we enjoyed a 2000 Bastie Alte blend of cabernet and merlot.T he main courses were delicately cooked bass with wild fennel and potatoes, and fat quails on crispy polenta. We still had room for dessert and shared a warm apple puff with strawberry coulis and luscious vanilla ice cream, along with petits fours of butter cookies, chocolate brownie-like cakes, and little coconut cakes. It was a fine, innovative meal and to emerge to walk around the piazza and back to our hotel added to the romance of the evening.
A meal here should run about $60 per person, with tax and service.
Osteria Due Spade (11 Via Don Rizzi; 0461-234-3430 ) has its own ancient charms, though they date back merely to the 16th century, when this was already considered a fine place to stop for a meal. It is rustic and elegant at the same time, with a lovely outdoor patio under a canvas canopy; the small dining room has fine woodwork and an old Majolica stove.
Federico Paterlari is a young chef well on his way to high repute (like Scrigno del Duomo, Due Spade has a Michelin star). He changes his menus seasonally, keeping them to just five antipasti, five pastas, and six main courses, delighting in dishes of autumn and winter with game, truffles, and sweet-sour flavors mingled with tuber vegetables. He lards pheasant with black truffles and does a napoleon of potatoes and artichoke with thin slices of bresaola made from a local specialty, horsemeat. Desserts are more Austrian than Italian, and all the better for it. Dinner will cost about $70 per person, with tax and service included.
Somewhat more staid, with white columns, stucco ceiling, red velvet chairs, and soft lighting is Ristorante Chiesa (9 Via Marchetti; 0461-238-766; right), known for its very old traditional Trentino recipes and its apple menu. We chose an antipasto of Speck ham, a light and delicate cheese strüdel not unlike a quiche, and a crostino (puff pastry) of herring mixed with apples still ripe and firm to the bite. . The pasta was housemade macaroni with sausage and cabbage, followed by veal scaloppini in a Vin Santo sauce with tender potatoes and carrots. The dessert was a crunchy meringue filled with soft chocolate and a warm chocolate sauce. As is obvious from the ingredients in such dishes, the German-Austrian influence on the cuisine has been deep, although everything we tasted still had Italian style to it, as did the wines. Photo: G. Stepanoff-Dargery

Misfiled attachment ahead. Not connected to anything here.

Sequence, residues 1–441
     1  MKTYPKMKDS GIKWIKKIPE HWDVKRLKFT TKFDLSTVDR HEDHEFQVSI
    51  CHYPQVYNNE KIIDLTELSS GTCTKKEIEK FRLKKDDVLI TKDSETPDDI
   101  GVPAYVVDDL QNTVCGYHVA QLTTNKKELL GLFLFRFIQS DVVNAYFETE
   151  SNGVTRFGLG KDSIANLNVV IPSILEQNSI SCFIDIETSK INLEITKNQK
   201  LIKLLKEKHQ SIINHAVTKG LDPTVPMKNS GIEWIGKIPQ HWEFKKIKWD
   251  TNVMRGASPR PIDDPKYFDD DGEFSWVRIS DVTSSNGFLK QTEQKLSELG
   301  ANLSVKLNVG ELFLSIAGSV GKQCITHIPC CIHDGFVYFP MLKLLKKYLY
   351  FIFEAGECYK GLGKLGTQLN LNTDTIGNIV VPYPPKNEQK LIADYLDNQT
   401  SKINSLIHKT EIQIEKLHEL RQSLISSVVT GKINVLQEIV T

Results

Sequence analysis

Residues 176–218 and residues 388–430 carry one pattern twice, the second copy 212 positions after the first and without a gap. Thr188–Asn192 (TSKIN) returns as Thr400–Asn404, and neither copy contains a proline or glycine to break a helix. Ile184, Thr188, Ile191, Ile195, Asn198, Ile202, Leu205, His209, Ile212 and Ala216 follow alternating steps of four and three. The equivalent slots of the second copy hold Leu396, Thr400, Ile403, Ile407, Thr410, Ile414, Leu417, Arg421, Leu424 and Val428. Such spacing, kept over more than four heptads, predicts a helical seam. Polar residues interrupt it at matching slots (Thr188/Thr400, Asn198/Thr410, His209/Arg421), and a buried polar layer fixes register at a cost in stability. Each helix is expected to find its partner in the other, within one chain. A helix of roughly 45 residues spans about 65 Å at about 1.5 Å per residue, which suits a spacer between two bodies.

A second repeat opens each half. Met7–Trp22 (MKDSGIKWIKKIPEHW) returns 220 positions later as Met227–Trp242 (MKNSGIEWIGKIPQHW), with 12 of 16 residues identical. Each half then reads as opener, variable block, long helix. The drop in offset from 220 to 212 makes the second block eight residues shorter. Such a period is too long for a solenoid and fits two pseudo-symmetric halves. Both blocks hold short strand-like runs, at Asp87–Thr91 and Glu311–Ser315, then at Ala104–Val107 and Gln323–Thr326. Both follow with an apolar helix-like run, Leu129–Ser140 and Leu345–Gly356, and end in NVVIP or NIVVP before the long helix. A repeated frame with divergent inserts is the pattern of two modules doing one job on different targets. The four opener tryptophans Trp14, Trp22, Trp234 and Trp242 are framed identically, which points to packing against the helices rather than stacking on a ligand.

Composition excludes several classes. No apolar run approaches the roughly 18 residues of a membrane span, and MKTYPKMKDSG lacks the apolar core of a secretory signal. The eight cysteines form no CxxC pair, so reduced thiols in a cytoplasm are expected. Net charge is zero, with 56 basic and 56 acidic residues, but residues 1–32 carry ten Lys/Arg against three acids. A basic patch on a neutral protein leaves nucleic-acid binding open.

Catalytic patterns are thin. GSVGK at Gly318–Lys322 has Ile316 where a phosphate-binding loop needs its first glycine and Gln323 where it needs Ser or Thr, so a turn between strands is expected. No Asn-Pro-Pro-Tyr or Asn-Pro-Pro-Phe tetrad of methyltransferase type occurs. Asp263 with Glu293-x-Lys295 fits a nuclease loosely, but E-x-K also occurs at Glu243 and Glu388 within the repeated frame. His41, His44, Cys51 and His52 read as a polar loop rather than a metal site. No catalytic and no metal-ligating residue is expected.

One caveat about a former favorite in the area. Pizzeria Laste in the nearby village of Cognola seems to have drifted from serving one of the best pizzas in northern Italy to serving only a pretty good one. And for what it takes to find the place, which doesn't look like much, we hesitate to suggest you make the trek. It used to be worth the effort, but not now.
From Trento you may head out through the Dolomites and explore the gorgeous lake country, and because of its proximity, trips into Switzerland and Austria are easy enough. And in so doing you can see--and taste--how the cultures have overlapped, and, however much things may change in the world, good food and wine endures.
NEW YORK CORNER
by John Mariani
Photos by Michael Katz